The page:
CSUN club seeks to connect students with Central American community


Kaitlyn Lavo

Portrait of Jessica Flores Rodriguez and Yoselin Deleon in front of the mural on the Casita behind the Chicana Studies building at CSUN taken on Mar. 18, 2022, in Northridge, Calif.

Kirsten Cintigo, Contributor

CSUN students in Transborder Experiences of Central American University Students are working toward connecting students to Central American organizations on their return to campus for the first time in two years.

The club was initially created during the 2020-2021 academic year. However, last semester, during a special meeting for the Associated Students Judicial Court on Dec. 6, 2021, they were formally approved as a club on campus.

The club’s faculty adviser Douglas Carranza originally founded TECUS as a way for students to become involved with Central American community organizations both within Los Angeles and abroad. Carranza is CSUN’s Department of Central American and Transborder Studies chair.

TECUS President Yoselin De Leon-Lazo, a third-year undergraduate student, helped establish the club because of the opportunity it presented to build community with students on campus and organizations off campus.

“Our goal is to go transborder,” De Leon-Lazo said. “Down the line, we’re going to be something bigger. I want people to be able to utilize us as a resource.”

TECUS has been able to pursue some of its goals through connections and support from department faculty. Some of this stems from the department’s involvement with the Salvadoran American Leadership and Educational Fund, as well as Clínica Romero.

SALEF aims to empower Salvadorans through their implementation of educational programs, citizenship classes, voting outreach, and delegations to Tijuana and El Salvador, according to their website. They have hosted toy drives, food distribution events and provided COVID-19 testing and vaccination clinics.

Clínica Romero provides health care services to ethnic communities within Pico-Union, Westlake and Boyle Heights. De Leon-Lazo and TECUS Secretary Jessica Flores work at Clínica Romero as community health supervisors.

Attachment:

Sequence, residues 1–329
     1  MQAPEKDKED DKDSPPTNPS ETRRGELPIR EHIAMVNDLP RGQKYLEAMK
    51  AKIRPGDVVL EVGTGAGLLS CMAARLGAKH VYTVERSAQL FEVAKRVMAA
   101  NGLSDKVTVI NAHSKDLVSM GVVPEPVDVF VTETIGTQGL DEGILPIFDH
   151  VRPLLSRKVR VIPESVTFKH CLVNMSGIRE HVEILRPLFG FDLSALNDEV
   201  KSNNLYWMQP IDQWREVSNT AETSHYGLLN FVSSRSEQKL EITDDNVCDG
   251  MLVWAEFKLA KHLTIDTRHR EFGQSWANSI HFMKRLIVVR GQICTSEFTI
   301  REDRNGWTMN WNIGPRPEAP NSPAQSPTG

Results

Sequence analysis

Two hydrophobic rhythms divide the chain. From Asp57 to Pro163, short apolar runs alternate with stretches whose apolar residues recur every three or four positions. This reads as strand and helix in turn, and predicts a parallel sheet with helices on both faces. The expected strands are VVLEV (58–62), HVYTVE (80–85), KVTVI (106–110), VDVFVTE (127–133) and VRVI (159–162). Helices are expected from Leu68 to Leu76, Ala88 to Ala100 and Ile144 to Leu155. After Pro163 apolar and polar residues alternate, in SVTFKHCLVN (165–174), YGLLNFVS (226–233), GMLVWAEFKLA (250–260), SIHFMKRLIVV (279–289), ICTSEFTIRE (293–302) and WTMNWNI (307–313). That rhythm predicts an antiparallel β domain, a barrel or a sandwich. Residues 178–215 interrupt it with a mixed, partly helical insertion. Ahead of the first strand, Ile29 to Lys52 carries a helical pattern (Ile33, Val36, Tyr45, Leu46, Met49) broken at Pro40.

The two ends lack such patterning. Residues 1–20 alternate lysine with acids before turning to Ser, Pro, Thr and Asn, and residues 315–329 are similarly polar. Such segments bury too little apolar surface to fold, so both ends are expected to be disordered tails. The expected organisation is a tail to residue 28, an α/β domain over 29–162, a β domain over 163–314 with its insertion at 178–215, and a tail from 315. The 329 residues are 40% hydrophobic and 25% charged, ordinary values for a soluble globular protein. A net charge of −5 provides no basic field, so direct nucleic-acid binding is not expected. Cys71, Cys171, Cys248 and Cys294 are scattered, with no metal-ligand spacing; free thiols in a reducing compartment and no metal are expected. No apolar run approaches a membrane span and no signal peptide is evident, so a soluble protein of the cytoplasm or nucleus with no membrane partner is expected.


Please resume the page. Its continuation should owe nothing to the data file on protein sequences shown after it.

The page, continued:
“Through TECUS, I got to go to Clínica and now I have all this work experience in different areas,” Flores said. “It’s things I would have never thought, like registering patients, knowing the extent of COVID and always having to keep up with it. I didn’t think I would have a job like that.”

The club also helped host virtual Indigenous Resistance Day last semester, which was sponsored by Carranza’s department, SALEF and the Central American Research and Policy Institute. The purpose of this event was to bring awareness to, and uplift, Indigenous Central American voices.

Three Indigenous panelists spoke at the virtual event about their experiences and how Indigenous communities have been historically oppressed. The three panelists that participated were Ixmukané Choy of Colectivo Kaqjay, Pedro Rodríguez of Consejo de Pueblos Originarios and Haydee Sanchez of Centro Cultural Techantit.

“What’s awesome is that it’s giving us the opportunity as young volunteers to now begin to establish relationships with these organizations and with the people so that we can start to give back in that transnational and transborder way,” said TECUS Treasurer Carlos Somoza.

De Leon-Lazo said that TECUS wants to eventually go beyond just being a club on CSUN’s campus within the Central American and transborder studies department.

“We’re not just focused on the Central American studies [majors] on campus, for us it’s about building connections,” Lazo said.

In terms of this semester and beyond, TECUS is planning for future events where students can participate and learn more about community outreach through a transnational lens. These plans include fundraising for communities in Central America to help meet food and housing needs, hosting educational events like movie nights that focus on specific issues, and even creating a resource library for students taking classes within the department.